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you're going to disengage completely from war as the defining issue of scottish politics or constitutional debate largely takes on a left right divide as well those who are for and dependence are generally not always of course but generally on the left and those who are against it are certainly led by figures on the right no way by the conservative party find themselves falling through the gap exactly as they have done on breaks it by trying to take this medal ground approach of we're not a party of remain but we're not a party of brakes either or a part of something else which is why they're trying to make this election about everything other than bricks and the right to bring up issues like the n.h.s. i wish they would bring up the climate for example far far more but the reality is we're having an election because it breaks it and in scotland the defining issue is another constitutional question neither of them have the labor party a convincing answer and we're going to yeah again see the results of in scotland where their votes go in all directions a labor union a civil conservative maybe up them pro independents labor voters will vote s.n.p. or green symbol here in london there isn't there as well and it's partly off the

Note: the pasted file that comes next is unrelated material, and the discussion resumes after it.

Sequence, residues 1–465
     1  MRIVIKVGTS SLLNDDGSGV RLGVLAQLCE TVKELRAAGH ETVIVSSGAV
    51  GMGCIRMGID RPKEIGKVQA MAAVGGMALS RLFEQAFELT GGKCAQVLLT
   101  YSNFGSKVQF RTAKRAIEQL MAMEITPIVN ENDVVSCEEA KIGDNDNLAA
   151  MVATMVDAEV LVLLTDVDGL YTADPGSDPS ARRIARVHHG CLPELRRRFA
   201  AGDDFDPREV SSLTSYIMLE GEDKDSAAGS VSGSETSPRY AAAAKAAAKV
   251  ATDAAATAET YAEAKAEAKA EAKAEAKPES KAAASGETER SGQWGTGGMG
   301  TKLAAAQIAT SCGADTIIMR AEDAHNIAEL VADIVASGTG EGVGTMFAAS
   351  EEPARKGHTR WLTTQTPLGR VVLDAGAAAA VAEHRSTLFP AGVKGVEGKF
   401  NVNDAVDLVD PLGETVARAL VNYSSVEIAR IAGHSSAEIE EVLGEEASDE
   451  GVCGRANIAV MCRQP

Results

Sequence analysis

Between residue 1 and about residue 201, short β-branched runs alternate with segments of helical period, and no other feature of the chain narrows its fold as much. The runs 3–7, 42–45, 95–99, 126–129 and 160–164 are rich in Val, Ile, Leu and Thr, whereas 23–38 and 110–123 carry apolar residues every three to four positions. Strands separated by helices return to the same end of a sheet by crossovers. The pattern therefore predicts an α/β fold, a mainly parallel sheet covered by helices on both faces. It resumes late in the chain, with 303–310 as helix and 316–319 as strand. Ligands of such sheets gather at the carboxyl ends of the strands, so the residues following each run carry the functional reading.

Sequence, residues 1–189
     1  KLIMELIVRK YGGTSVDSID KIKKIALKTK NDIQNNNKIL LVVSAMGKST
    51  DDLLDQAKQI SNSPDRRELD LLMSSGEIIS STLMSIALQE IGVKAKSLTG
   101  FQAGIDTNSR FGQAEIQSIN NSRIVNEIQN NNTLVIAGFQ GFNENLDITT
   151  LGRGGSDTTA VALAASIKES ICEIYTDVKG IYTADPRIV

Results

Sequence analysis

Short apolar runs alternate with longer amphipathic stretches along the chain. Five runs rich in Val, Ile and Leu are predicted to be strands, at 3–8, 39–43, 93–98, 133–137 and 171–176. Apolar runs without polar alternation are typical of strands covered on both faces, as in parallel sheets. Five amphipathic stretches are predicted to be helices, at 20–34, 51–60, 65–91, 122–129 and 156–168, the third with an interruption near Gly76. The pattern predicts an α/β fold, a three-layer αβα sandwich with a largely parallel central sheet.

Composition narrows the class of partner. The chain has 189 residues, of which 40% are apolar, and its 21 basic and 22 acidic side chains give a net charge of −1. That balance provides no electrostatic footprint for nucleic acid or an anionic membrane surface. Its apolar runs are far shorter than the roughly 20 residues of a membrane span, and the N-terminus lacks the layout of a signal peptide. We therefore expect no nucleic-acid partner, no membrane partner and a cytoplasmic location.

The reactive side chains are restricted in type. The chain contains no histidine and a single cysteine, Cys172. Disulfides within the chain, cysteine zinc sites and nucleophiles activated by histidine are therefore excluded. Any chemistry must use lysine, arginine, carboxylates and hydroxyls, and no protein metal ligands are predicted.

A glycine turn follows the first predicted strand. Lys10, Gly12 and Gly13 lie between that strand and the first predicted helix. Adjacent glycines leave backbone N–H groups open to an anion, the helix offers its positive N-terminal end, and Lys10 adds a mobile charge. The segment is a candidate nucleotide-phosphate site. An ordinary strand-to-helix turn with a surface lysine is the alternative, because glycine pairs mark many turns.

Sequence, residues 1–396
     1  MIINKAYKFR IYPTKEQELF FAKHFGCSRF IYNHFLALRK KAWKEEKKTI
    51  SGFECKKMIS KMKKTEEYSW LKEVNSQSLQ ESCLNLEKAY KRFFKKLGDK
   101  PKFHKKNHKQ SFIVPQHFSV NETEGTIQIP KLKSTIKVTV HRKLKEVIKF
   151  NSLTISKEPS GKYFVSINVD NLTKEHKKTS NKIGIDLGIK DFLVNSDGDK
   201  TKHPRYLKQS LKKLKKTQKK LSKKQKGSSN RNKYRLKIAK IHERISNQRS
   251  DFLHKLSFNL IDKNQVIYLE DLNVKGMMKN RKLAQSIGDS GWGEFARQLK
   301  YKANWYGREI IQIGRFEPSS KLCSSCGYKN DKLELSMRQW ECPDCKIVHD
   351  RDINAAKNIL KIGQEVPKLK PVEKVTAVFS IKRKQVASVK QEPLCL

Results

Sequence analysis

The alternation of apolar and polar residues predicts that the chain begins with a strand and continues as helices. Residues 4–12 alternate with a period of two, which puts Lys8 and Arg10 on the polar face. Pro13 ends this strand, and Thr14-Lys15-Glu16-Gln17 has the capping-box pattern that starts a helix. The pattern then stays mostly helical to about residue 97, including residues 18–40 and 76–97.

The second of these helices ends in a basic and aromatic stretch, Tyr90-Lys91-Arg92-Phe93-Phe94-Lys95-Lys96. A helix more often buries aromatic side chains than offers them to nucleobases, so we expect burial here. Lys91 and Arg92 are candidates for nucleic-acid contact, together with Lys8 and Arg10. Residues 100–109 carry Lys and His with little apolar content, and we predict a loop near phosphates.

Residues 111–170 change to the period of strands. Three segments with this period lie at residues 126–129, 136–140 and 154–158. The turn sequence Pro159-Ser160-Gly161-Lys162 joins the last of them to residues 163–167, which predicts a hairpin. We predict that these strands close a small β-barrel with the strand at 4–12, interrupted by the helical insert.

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back of what cliff was was talking about a trust and a lot. deficits talk to anyone now and 2 things shine out one people don't know who they're going to vote for with 36 hours to go into one does get that feeling of people going to hold their nose and just go ok i'll go for bora sort of go for corporate ok i'll go from where did that come from well labor's problem if it does go to what claire was same although i don't think that's just about breaks it that's been building for a very long time labor have been losing the working class for you know 1020 years actually. it's partly got to do with the way that tony blair appeal to a kind of wider middle class electorate and that puts some working class people off labor has to do with values and it's not just to do with the european union has to do that on immigration etc etc but it is also a lot to do with germany corben we cannot forget that he is an enormous barrier to a lot of those people who might otherwise vote labor even irrespective of bracks